Wednesday, November 10, 2004

Bush defends Saddam, screws our POW's

You think such a title would be just another over-the-top headline by an out and out lefty, but then, you'd be wrong:

During the Persian Gulf War, Iraq brutally tortured U.S. prisoners of war. Saddam Hussein's secret police broke bones; shattered skulls and eardrums; and whipped, burned, shocked, beat, starved and urinated on our POWs. Yet these brave Americans, as did generations of POWs before them, refused to give in to their captors. One extraordinary Marine was knocked unconscious so many times he lost count; he returned home with a fractured skull for refusing his captors' orders to criticize President George H.W. Bush. Because Iraq would not notify families of POWs, spouses did not know whether they were wives or widows. The result was serious and lasting injury to the POWs and their families.

Before the current Iraq war, 17 of these Gulf War POWs and 37 of their family members brought a historic suit to hold Iraq accountable and to deter such torture in the future. They did so courageously, despite being required to give Saddam Hussein their home addresses, something the POWs had refused to do under torture. And they won a judgment in federal district court that is the most important deterrent to date against torture of American POWs.

But rather than offering the former prisoners the support of a grateful nation, a decision was quietly made in the Bush administration to prevent the POWs from holding Iraq accountable. When (before the Iraq war) 20 distinguished American national security officials, including a former chairman of the Joint Chiefs of Staff, requested that the president set aside funds from frozen Iraqi assets to enforce the POWs' judgment, they did not even receive an answer.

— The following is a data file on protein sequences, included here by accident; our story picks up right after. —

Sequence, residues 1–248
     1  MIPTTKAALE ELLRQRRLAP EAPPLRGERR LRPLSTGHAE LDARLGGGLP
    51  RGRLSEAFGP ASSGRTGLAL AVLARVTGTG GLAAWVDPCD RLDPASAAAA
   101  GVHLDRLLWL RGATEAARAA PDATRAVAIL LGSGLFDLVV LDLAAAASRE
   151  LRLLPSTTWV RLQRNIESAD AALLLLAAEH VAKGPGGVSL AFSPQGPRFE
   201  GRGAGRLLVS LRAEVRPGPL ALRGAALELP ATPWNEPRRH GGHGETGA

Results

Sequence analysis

This decision to stiff the POWs, made by administration lawyers in the climate of misguided legal advice now exposed in the detainee abuse scandal, resulted in the administration's seizing the blocked Iraqi assets the POWs had been counting on to enforce their judgment. In seizing the entire $1.7 billion, leaving nothing for the POWs, the administration argued that the money was urgently needed for the "reconstruction of Iraq."

I don't doubt that a Bush defender, somewhere, will attempt to rationally justify Bush's stealing of U.S. court-awarded damages to our POW's, but I'm not quite sure what twisted logic they'll attempt to employ. This is an old story, one the press hasn't taken a big interest in. But it's an important story, nonetheless.

Why is Bush taking these folks' money? Who knows, and who cares. Sometimes, what's right is right, and what's wrong is wrong. This time, Bush is wrong. This is immoral. This is outrageous. This is a national disgrace.

One would think that at some point, Bush lovers would re-identify their sense of shame and say 'enough is enough - I've had it with over-the-top, twisted-ass logic. George W. Bush - quit defending Saddam and give our POW's their due!'

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